Spiritual Reading before beginning the 6th Missionary Journey

Dear friends,

I have prepared a short essay on the life and missionary activities of St FrancisíŽ Xavier. As you will see, St Francis visited many times Malacca (the city we are going to visit, and where we will hold our EV Concert (7th Dec) and have our two day retreat (Dec. 8th-9th), before going to Vietnam. The body of St Francis was buried in Malacca for a while before his last journey to Goa. It is a touching and inspiring adventure. I pray that it will touch and inspire all those who want to walk in St FrancisíŽ footsteps.

Love. Fr Yan
Oct 2, 2004


St Francis Xavier (1506-1552)

1. His life at a glance:
1506

April 7: Francis' Birth.
Francis is born in the family castle of Xavier, in the Basque area of Spain. He was the 6th and last child of the family.

1525 Francis at the Paris University.
18-year-old Francis leaves his ancestral home and is on the way to France for studies in the world-renowned University of Paris.
He secures his licentiate in 1528. But besides his academic results, the most providential circumstance in Paris are Francis' special friends at the College: his roommates. One of them is Ignatius of Loyola, who after his own conversion is very influential on Francis' conversion.
1534 Francis among the first seven "Jesuits"
In the Church of Montmartre in Paris, Francis is one of the first seven who under the leadership of Ignatius of Loyola, make the vow to serve Jesus in poverty and chastity. The Society of Jesus is born. It is the 15th of August.
1537 Francis is ordained priest.
In Venice, Francis together with Ignatius and the other six companions are ordained priests.
1540 Francis is sent to India.
It is interesting to see how Francis was sent to India.
King John III of Portugal had repeatedly petitioned the pope Paul III for the dispatch of Jesuits to the East Indies, which were under the king's protection (the padroado). The pope asks Ignatius to assign two Jesuits, which Ignatius promptly does.
But one of them falls sick and cannot go. Ignatius, who was also sick in bed, asks Francis to replace the sick companion and go to India. Francis accepts immediately and together with Fr Simon Rodriguez leaves for the Far East as the first Jesuit missionaries there.
1541 Francis sails from Lisbon.
On 7 April, 1541, Francis embarks in a sailing vessel for India,
together with the new Portuguese governor of India. Francis has the backing of both the Portuguese King and of the Pope, who has named him his Nuncio for the Far East.
1542 Francis lands in Goa.
After a strenuous and dangerous voyage (the ship makes a stop of a few months at Mozambique), finally Francis lands at Goa on May 6, 1542.

By then, the Portuguese had already been in Goa 32 years. The beautiful city with 14 churches including the Franciscan cathedral with prominent spires must have astonished Xavier. The Portuguese lived there with 20,000 native Christians.Francis spends the first five months in preaching and ministering to the sick in the hospitals. One of his first missionary activities in Goa is with children. He goes through the streets ringing a little bell and inviting the children to hear the word of God. When he has gathered a number of children, he takes them to a certain church and there he explains the catechism to them. In that year, a new institute named College of St Paul has been established in Goa for the priestly formation of local candidates. Francis is requested to hold the rectorship of this College. But after a short while, Francis leaves the post and begins to further his missionary area.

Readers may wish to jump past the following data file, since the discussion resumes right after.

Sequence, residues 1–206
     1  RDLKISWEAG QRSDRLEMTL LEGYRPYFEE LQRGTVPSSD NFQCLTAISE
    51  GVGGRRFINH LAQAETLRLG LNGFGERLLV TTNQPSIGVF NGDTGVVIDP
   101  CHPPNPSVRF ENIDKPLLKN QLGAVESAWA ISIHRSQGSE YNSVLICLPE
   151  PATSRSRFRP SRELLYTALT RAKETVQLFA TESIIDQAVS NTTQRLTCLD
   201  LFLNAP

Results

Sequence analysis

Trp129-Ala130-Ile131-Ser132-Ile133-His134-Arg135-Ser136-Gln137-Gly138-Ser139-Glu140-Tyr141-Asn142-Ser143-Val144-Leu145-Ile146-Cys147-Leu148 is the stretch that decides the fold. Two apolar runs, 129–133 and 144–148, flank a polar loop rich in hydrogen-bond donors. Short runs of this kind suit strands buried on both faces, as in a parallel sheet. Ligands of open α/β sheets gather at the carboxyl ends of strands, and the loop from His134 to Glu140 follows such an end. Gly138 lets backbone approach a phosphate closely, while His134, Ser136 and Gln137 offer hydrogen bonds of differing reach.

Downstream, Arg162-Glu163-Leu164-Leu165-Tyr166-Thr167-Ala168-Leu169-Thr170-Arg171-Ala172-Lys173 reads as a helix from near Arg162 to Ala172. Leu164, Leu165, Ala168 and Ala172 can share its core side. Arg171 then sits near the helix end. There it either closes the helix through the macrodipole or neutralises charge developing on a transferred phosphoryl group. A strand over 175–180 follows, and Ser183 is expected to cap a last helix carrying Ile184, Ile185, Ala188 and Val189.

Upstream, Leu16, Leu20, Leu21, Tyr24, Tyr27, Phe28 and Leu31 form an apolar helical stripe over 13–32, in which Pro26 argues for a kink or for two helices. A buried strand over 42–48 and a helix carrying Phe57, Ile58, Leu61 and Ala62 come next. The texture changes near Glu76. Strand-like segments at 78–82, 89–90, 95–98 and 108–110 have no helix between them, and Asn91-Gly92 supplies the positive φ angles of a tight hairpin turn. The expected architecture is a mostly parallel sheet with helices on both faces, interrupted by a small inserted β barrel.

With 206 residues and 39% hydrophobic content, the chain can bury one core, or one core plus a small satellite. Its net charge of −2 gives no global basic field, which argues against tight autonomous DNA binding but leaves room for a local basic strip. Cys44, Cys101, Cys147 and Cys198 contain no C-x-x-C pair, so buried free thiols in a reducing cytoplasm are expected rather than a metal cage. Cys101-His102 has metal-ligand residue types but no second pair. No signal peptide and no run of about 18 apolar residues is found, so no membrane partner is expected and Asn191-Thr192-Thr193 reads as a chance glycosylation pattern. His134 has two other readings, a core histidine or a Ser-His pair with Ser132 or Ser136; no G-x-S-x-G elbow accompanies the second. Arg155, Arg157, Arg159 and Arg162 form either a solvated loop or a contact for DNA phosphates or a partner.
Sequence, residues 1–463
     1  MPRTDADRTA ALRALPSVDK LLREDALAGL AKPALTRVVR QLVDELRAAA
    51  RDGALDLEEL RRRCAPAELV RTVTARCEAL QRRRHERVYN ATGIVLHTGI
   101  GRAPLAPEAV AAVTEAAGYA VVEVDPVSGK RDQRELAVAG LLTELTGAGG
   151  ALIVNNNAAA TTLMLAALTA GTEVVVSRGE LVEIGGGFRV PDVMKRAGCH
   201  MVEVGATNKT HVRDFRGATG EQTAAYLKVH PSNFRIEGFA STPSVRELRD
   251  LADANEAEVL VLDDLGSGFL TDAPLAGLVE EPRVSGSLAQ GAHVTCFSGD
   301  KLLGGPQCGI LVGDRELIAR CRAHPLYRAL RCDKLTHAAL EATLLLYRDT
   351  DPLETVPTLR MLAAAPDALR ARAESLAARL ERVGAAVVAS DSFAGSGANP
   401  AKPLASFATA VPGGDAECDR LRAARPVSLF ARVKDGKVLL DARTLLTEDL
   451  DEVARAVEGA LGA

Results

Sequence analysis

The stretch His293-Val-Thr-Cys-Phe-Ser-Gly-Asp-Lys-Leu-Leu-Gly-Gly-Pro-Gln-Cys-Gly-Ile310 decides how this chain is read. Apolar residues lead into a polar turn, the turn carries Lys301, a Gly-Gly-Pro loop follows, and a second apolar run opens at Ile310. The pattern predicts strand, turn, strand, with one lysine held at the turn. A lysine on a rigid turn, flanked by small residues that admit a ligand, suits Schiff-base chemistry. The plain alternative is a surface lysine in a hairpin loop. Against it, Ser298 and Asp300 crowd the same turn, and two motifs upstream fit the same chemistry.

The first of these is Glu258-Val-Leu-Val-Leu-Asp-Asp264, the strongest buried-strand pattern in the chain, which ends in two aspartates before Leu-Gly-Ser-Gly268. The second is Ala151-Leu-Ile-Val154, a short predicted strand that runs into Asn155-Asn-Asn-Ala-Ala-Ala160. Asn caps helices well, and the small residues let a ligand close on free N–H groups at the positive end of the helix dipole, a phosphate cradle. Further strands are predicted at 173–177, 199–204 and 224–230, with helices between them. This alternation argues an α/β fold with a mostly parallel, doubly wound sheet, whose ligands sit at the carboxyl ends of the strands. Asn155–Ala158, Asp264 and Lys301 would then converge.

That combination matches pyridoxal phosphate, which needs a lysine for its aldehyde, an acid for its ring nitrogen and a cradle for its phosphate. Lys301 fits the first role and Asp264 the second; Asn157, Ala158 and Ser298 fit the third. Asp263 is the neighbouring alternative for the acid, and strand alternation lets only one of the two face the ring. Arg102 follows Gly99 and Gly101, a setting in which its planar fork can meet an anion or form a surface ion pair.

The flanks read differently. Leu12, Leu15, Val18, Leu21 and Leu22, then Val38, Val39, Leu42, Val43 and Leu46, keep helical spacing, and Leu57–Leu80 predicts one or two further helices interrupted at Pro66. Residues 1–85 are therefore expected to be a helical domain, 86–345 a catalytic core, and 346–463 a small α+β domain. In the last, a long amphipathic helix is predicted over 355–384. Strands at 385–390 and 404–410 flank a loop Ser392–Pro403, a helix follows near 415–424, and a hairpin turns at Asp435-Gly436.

In October 1542, Francis sets for the pearl fisheries of the extreme southern coast of India, desirous of restoring Christianity, which, although introduced years before, has almost disappeared on account of the lack of priests. He devotes almost three years to the work of preaching to the people of Western India, converting many, and reaching in his journeys even the Island of Ceylon. Many are the difficulties and hardships which Xavier has to encounter at this time, sometimes on account of the cruel persecutions from some of the local authorities, but more often because of the Portuguese soldiers, who far from seconding the work of Francis, retard it by their bad example and vicious habits. While doing this missionary work in the Southern part of India, Francis has the chance of paying homage to the tomb of St Thomas the Apostle, near Madras (it is the year 1545). He spends the day preaching and caring for the sick and praying at the Apostle's tomb during the night.

Francis is searching for his method of evangelization. He believes that the traveling missionary is in the best position for reaching out to many people.
A certain Franciscan priest of Goa complains that "Father Francis travels too much." Francis' answer is that if he did not visit those places in person, he would not be aware of their needs. However, although his travels by sea and land during the first seven years of missionary work around Goa and Malacca (1542-1549), add up to several thousand kilometers, we know from his letters that he normally will reside several months in each place and always find someone to replace him when he leaves. Goa remains Francis' point of reference. Often he returns to Goa to see new companions from Europe and to read the letters mostly from Rome that keep him in contact with his friends. "I received many letters from Rome and Portugal. They gave me, and still give me, so much consolation, and I have read them so many times, that it seems to me that I am there, or that you, dearest brothers, are here where I am, if not in body, at least in spirit."
1545 Francis' first visit to Malacca.
From Goa, Francis goes to Malacca, which is another important Portuguese port in Malaysia. Francis visits Malacca (sometimes just passing through) five times. Before he has actually arrived in Malacca for the first time, his "fame" among the poor in India has preceded him in Malacca and a large crowd of people and local dignitaries are at the waterfront to receive him. He must have been naturally surprised at the nature of the welcome and it is reasonable to assume that later he discovered that it was the sailors trading in the region of the Spice Islands who had informed the people of Malacca about the "holy father" from Europe.